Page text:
Just my way.. BTW I never did study groups. Too much chatter and wrong information .. IMHO again

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EMTandNurse2B specializes in Emergency/Trauma.

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I'm in an ADN program, getting A-, and I study about 20 or so hours a week. I really should study more, but there is NO time to study more. As it is, that 20 hours eats into my sleep time significantly. If I did study more, I would be getting better grades. I feel like I'm just barely scraping by with my assignments.

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601 Posts; 6,987 Profile Views

I study about 21 hours each week outside of class. I am not in a BSN program, I'm in an ADN program. I have a 4.0 GPA and I never use study group, although I have studied with one other person once or twice. I find the best way for me to study is this:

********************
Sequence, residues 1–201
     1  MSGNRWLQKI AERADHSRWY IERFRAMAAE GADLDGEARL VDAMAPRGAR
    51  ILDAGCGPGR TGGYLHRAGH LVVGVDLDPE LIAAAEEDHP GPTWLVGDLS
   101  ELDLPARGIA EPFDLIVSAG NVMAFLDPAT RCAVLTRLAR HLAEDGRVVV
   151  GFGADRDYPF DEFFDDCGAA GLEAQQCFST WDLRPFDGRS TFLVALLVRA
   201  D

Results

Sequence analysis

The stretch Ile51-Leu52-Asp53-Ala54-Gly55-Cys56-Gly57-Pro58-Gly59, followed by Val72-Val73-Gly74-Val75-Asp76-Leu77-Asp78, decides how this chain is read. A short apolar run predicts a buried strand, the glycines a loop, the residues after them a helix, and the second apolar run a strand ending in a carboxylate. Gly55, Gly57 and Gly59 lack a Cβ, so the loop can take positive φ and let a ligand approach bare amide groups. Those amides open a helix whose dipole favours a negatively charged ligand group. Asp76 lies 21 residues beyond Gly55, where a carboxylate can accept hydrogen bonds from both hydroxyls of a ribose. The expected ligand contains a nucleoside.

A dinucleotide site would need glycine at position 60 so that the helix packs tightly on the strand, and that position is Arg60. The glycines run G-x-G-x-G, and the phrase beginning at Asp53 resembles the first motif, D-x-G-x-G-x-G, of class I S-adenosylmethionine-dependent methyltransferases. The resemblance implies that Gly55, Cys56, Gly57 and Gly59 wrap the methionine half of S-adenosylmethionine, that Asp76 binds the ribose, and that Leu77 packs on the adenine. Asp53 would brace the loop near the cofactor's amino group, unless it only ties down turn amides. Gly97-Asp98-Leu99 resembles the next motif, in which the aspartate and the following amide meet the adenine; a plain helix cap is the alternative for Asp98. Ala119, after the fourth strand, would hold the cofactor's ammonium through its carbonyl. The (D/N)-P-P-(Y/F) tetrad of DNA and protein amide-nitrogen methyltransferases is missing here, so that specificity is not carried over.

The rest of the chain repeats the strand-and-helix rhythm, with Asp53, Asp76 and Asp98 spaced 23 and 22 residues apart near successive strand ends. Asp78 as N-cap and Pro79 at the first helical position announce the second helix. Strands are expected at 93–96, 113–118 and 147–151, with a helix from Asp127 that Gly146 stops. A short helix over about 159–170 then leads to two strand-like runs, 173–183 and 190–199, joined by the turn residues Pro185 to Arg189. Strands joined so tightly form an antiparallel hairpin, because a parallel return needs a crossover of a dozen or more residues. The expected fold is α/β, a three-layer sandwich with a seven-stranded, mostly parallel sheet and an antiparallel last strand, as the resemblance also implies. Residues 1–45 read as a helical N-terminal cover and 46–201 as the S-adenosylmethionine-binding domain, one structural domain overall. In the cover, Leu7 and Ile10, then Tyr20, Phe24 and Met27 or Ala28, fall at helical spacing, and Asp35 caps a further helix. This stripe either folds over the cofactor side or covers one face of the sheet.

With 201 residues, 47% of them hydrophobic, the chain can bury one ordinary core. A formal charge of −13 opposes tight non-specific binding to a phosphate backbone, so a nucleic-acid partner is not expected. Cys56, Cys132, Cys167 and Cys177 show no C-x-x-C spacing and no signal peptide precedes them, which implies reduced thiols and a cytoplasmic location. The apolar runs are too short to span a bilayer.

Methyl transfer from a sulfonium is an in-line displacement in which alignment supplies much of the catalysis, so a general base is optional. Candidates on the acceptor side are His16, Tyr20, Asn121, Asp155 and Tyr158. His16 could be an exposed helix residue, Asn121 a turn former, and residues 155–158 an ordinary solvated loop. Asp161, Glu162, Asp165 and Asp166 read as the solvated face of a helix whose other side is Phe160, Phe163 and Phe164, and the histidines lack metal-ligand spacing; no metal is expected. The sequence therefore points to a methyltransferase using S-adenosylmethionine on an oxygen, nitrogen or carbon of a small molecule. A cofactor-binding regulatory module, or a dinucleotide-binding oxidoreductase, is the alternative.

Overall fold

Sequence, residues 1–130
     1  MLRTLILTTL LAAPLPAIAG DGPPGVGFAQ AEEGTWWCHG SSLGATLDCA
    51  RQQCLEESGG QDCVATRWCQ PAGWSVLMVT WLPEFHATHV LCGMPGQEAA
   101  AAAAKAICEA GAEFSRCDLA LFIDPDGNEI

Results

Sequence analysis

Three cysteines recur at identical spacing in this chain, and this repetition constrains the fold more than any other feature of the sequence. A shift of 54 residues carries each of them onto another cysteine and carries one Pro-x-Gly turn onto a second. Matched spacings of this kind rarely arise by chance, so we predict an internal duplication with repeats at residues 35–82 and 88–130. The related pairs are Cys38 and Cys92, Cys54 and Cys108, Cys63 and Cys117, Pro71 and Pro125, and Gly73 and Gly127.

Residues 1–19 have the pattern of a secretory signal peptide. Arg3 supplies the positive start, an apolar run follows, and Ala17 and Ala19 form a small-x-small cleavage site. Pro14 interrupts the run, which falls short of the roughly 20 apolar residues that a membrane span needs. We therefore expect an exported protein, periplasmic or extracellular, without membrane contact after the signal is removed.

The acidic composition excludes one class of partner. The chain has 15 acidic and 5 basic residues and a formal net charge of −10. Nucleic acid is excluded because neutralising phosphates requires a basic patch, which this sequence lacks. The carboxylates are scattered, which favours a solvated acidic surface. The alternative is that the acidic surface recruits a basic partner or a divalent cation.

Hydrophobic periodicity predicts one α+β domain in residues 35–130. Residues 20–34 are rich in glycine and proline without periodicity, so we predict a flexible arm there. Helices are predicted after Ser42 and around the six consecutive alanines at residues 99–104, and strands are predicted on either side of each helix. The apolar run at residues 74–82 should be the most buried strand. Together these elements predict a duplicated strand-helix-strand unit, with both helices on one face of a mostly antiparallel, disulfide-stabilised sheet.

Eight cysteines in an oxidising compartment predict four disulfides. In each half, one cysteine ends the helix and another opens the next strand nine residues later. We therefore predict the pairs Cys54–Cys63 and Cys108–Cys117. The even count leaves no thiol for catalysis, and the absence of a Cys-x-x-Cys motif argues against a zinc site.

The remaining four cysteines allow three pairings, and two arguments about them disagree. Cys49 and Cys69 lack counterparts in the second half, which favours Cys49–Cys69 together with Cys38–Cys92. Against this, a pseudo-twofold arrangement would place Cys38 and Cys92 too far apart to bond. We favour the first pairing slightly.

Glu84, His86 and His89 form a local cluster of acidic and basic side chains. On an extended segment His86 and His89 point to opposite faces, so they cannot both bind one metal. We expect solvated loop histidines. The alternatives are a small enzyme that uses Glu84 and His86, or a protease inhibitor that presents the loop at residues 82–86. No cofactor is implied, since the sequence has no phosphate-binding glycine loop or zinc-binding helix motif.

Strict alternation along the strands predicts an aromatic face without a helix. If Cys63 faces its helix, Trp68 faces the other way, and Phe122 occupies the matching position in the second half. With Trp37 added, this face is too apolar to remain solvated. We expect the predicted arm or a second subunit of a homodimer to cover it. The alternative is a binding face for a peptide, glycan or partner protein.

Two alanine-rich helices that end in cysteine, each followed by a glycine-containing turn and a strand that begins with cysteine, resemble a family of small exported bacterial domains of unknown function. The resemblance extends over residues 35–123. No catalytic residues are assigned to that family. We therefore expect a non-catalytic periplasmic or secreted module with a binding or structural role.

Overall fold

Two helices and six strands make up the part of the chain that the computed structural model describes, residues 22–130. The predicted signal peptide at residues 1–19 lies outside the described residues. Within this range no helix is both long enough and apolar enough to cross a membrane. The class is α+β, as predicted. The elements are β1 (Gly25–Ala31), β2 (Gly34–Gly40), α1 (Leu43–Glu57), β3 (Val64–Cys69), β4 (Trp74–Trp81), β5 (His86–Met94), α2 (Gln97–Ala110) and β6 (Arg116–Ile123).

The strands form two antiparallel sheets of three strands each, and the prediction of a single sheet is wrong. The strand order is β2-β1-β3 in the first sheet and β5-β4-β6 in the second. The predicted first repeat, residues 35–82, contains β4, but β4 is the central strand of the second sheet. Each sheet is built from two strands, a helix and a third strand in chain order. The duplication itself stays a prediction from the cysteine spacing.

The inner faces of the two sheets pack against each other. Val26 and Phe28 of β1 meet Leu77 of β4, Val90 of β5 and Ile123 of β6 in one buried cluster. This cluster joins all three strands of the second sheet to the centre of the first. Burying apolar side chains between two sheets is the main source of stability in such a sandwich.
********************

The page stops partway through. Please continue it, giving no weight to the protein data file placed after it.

Prior to class I read the assigned reading. I make written notes as I'm reading, which I then type up and print out to take to class.

During class, I will follow along with my notes, adding or removing information from my notes as needed.

I come home and make the adjustments to my type-written notes and print those out. I spend a little time going over them again, then I restart the process for the next days class.

Prior to a test I read my notes again, usually just scan them. If there is information that I haven't memorized (like lab values, s/s, etc) I write them on notecards and quiz myself until they are memorized, usually just takes two or so passes through the cards to memorize them.

I keep my past notes in folders so I can refer back to them as needed.

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214 Posts; 3,352 Profile Views

I was a little curious about the time commitment required to maintain the best possible grades in nursing school. Is anyone in here getting a 4.0 in a BSN program? My roommates are med students, and they say they study about 5 hours per day.

Also, I'm wondering what kind of assignments and coursework you have to do in your BSN programs.... what are you guys learning and how do they test you, anyways? Is it paper writing, science type multiple choice tests, or hands on clinical applications like IV's? Would you describe the focus of nursing school as a type of health science, like A&P?